4. They know and discern truth (about God) [2:18-29]. True believers discern truth so that they are not deceived by false religions or philosophies that are contrary to Christ and His gospel. Christ’s disciples want to learn and understand the Bible, and theology. And their familiarity with Christ, His Word and Spirit help them to discern spiritual truth. How would you describe your appetite for the Word of God?

5. True believers seek to live a holy life (repent of sin) [3:1-9]. True believers experience a lifelong process of growing in practical sanctification, and thus they deal with their sin. On the other hand, the self-righteous can discern other people’s sins, while neglecting to repent of their own. When was the last time you repented?

6. Christ’s followers love one another in community and sacrificially care for the needs of the vulnerable. Their love is characterized by actions more than merely words [3:10-23]. In our culture, we regard “righteousness” as not breaking the rules, and “justice” as punishing those who break the rules. In the Bible, those concepts are very different. A righteous person is one who is in a right loving relationship with God, their neighbors, a community of faith, and God’s creation. A just person, puts the needs of others before their own, and cares for others especially the vulnerable (e.g. the poor, widow, orphan, and stranger). The just sacrifice for the sake of others, and Jesus is the example. The reason to be just is to follow Jesus. Thus, injustice lives for self and personal comfort and convenience.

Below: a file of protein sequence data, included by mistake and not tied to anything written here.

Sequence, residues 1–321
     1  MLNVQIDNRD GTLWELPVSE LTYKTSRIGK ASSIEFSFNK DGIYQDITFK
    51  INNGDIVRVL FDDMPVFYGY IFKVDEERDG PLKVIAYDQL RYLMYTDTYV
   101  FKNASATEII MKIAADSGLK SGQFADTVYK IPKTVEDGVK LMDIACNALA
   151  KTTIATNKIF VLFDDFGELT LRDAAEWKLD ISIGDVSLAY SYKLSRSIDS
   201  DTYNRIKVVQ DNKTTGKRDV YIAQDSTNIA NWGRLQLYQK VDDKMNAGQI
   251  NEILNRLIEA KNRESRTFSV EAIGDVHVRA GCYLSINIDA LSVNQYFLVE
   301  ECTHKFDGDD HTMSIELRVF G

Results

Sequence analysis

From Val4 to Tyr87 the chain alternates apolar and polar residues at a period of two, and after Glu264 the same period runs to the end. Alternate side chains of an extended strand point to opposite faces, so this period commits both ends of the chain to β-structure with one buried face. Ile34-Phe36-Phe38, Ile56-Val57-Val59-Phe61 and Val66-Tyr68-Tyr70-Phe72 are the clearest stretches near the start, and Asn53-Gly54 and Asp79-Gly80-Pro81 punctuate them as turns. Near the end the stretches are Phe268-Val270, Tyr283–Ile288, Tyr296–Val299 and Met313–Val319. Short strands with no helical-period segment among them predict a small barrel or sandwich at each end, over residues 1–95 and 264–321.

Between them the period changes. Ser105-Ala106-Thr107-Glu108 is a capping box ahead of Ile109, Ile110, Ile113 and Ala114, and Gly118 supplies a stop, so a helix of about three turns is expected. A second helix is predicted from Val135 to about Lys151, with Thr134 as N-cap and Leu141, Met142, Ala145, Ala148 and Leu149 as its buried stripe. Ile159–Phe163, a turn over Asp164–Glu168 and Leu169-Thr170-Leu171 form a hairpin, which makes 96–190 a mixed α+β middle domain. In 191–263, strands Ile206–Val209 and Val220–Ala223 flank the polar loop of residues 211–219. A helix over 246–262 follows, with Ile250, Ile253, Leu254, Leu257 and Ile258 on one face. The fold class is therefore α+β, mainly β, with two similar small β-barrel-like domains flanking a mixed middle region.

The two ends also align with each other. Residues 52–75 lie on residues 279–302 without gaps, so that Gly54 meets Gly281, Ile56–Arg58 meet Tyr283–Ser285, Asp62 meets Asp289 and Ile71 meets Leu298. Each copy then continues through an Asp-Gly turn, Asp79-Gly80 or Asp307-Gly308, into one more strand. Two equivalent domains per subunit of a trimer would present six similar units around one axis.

I recently invited a homeless person to join me for lunch (more than simply offering to buy lunch), and I’m confessing that this was the first time I’ve ever done this. I recently noticed that I had not seen my older neighbor Phyllis for a few days, and I was concerned and checked-in, and it felt great because I knew it was God, because it is not my fleshly nature. How are you living in authentic community with others (e.g. Neighborhood Group), and sacrificially caring for the vulnerable?

7.  They discern false teachers and messengers [4:1-6], and continue to love one another [7-20]. The enduring pursuit of Christ, and rejection of legalism and liberalism joined with genuine love and community with others, especially those you would not naturally be drawn to, helps to ensure your salvation.

8. They love God, obey His commands, and put their faith in Christ and His gospel [5:1-12].

Today, you can know that you have eternal life with Christ. You are saved by grace through faith in what Christ has done at the cross. You respond to God’s love through faith in Christ characterized by love for God. You know that you have received salvation by a vibrant spiritual life, where you learn from, yield to, live for Jesus, and experience ongoing transformation and progress. It is important to understand that God is seeking meaningful progress not perfection. And there is nothing in this world that can compare to the love, peace, hope, and joy of eternal life in Christ today and always.